For a decade, Gerald Bostock worked to build a government program that helped neglected and abused children in Clayton County, Georgia, which is just south of Atlanta.
Then one day he decided to join a gay recreational softball league, where he played catcher and first base for a team, the Honey Badgers, in the Hotlanta Softball League.
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Not long after joining the softball team, Bostock was fired by the county for “conduct unbecoming a county employee.”
Bostock is one of several plaintiffs who will see their cases go before the U.S. Supreme Court when its new term begins on October 8, according to The New York Times:
The Supreme Court has delivered a remarkable series of victories to the gay rights movement over the last two decades, culminating in a ruling that established a constitutional right to same-sex marriage. But in more than half the states, someone can still be fired for being gay.
(Now) the court will consider whether an existing federal law, Title VII of the Civil Rights Act of 1964, guarantees nationwide protection from workplace discrimination to gay and transgender people, even in states that offer no protections right now.
Katherine Franke, a law professor at Columbia University, isn’t optimistic that a court which now features two conservative Trump appointees, Neil Gorsuch, and Brett Kavanaugh, will agree to protect gay workers from discrimination in the workplace:
“Now that we don’t have Kennedy on the court, it would be a stretch to find a fifth vote in favor of any of these claims that are coming to the court.
“The gay rights movement became the marriage rights movement, and we lost sight of the larger dynamics and structures of homophobia.”
But other legal experts believe the high court will have no choice but to rule for the plaintiffs, with William N. Eskridge Jr., a law professor at Yale, noting:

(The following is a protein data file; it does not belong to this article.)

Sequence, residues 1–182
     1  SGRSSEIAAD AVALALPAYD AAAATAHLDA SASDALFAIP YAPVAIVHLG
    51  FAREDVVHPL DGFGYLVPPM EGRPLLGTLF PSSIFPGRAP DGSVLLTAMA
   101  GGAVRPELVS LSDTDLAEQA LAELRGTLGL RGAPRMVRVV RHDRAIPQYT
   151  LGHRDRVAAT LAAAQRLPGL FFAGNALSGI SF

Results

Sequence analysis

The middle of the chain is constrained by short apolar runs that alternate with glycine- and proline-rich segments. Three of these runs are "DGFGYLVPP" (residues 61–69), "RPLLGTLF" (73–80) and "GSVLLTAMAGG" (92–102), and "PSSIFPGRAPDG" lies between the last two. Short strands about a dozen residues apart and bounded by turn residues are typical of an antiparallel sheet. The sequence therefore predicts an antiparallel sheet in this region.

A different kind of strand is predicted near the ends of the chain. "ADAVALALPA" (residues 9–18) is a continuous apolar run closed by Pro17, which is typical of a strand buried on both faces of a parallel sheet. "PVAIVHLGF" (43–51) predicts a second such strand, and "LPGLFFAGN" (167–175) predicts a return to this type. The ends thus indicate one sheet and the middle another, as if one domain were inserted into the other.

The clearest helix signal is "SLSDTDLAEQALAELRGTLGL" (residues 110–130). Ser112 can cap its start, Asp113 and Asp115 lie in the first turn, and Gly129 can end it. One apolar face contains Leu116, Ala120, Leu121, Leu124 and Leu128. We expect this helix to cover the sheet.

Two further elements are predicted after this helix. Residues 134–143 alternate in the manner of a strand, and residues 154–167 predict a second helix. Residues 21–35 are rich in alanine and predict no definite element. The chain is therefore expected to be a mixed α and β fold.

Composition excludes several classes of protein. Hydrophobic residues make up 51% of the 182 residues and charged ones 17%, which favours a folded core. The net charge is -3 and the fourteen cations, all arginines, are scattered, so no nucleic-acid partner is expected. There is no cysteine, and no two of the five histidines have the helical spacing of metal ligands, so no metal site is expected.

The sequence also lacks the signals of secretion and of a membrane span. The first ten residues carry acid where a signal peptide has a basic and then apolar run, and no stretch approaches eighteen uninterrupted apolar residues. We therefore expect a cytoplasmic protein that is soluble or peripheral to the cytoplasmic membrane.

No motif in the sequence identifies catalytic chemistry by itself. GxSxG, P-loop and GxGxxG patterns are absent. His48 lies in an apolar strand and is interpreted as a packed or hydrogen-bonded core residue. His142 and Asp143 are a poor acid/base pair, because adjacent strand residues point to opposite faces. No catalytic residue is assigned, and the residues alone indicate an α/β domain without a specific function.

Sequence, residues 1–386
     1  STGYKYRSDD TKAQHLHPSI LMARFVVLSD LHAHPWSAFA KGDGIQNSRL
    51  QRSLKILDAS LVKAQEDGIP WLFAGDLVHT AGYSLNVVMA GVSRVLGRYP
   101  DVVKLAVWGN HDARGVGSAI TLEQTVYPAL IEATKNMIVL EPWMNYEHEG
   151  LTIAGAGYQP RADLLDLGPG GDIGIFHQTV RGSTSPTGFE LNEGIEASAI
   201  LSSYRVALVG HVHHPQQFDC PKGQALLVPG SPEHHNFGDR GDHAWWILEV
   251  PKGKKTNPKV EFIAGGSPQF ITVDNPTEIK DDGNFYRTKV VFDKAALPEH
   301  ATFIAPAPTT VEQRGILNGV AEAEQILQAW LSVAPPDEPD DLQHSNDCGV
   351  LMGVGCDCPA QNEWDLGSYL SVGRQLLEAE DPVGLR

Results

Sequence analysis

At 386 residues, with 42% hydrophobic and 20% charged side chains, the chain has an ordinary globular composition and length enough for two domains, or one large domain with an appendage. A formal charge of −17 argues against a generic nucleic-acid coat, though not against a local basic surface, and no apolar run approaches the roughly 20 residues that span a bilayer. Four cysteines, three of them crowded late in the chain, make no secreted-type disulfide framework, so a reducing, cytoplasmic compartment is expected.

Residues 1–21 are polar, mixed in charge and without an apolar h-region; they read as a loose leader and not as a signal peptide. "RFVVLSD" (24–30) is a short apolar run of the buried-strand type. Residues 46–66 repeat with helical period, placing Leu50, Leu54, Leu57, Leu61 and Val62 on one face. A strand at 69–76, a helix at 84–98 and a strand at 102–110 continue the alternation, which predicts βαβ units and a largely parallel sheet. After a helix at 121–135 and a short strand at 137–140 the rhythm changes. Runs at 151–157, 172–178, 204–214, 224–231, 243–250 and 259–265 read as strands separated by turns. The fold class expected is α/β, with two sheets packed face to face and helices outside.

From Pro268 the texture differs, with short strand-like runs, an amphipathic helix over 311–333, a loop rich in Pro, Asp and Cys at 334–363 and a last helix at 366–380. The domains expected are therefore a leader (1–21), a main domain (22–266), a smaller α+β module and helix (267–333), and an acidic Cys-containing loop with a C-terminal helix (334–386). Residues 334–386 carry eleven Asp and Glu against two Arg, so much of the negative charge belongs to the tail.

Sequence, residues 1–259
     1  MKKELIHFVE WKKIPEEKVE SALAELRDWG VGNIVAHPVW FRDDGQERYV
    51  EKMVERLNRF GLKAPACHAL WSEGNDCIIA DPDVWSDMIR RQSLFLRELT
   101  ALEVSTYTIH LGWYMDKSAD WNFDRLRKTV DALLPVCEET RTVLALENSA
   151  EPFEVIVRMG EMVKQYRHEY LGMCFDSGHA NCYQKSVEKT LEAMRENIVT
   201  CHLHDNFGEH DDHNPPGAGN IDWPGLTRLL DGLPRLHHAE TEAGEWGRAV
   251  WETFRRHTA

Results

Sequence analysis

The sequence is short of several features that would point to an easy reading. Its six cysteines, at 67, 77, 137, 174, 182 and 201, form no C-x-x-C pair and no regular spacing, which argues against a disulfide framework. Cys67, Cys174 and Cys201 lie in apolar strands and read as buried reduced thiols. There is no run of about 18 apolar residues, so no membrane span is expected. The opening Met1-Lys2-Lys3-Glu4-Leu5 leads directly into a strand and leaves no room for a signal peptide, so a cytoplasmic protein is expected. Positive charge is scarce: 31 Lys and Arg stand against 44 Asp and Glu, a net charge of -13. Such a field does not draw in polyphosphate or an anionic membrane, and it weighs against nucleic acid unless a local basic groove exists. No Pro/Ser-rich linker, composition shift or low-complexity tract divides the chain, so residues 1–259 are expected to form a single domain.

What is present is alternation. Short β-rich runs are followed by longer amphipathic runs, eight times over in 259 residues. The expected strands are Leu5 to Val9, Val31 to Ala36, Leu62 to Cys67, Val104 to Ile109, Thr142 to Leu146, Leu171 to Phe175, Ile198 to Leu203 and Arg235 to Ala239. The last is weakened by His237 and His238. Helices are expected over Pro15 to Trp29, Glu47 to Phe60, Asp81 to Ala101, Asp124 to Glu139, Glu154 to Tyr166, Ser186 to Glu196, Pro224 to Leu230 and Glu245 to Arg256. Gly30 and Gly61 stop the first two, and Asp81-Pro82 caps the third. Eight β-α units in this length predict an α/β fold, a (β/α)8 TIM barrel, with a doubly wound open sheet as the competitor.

“Lesbian, gay, bisexual and transgender Americans continue to face widespread job discrimination because of their same-sex attraction or (sexual) identities. If the justices take seriously the text of Title VII and their own precedents, L.G.B.T. Americans will enjoy the same job protections as other groups.”
The Trump administration certainly doesn’t think that Title VII applies to sexual orientation, with Solicitor General Noel J. Francisco, who will argue the White House position before the justices, writing:
“The ordinary meaning of ‘sex’ is biologically male or female. It does not include sexual orientation.”
Other federal courts have a mixed record on the issue of sexual orientation and the workplace:
Most federal appeals courts have interpreted Title VII to exclude sexual orientation discrimination. But two of them, in New York and Chicago, have ruled that discrimination against gay men and lesbians is a form of sex discrimination.
Francisco’s logic on the issue seems more than a bit convoluted, not to mention tortured, writing in his brief on behalf of the government:
“An employer who refuses to hire an applicant in an interracial relationship would rightly be branded a racist. But no ordinary speaker of English would call an employer who refuses to hire an applicant in a same-sex relationship a sexist.”
True enough. The person would more rightly be called a homophobe.
At the most basic level, the justices have to decide if the promise of establishing justice and securing the blessings of liberty promised in the Constitution apply to all, or only to those who choose to love a person of the opposite sex. If the court decides to allow discrimination against people based on sexual orientation, who will they choose to exclude next?
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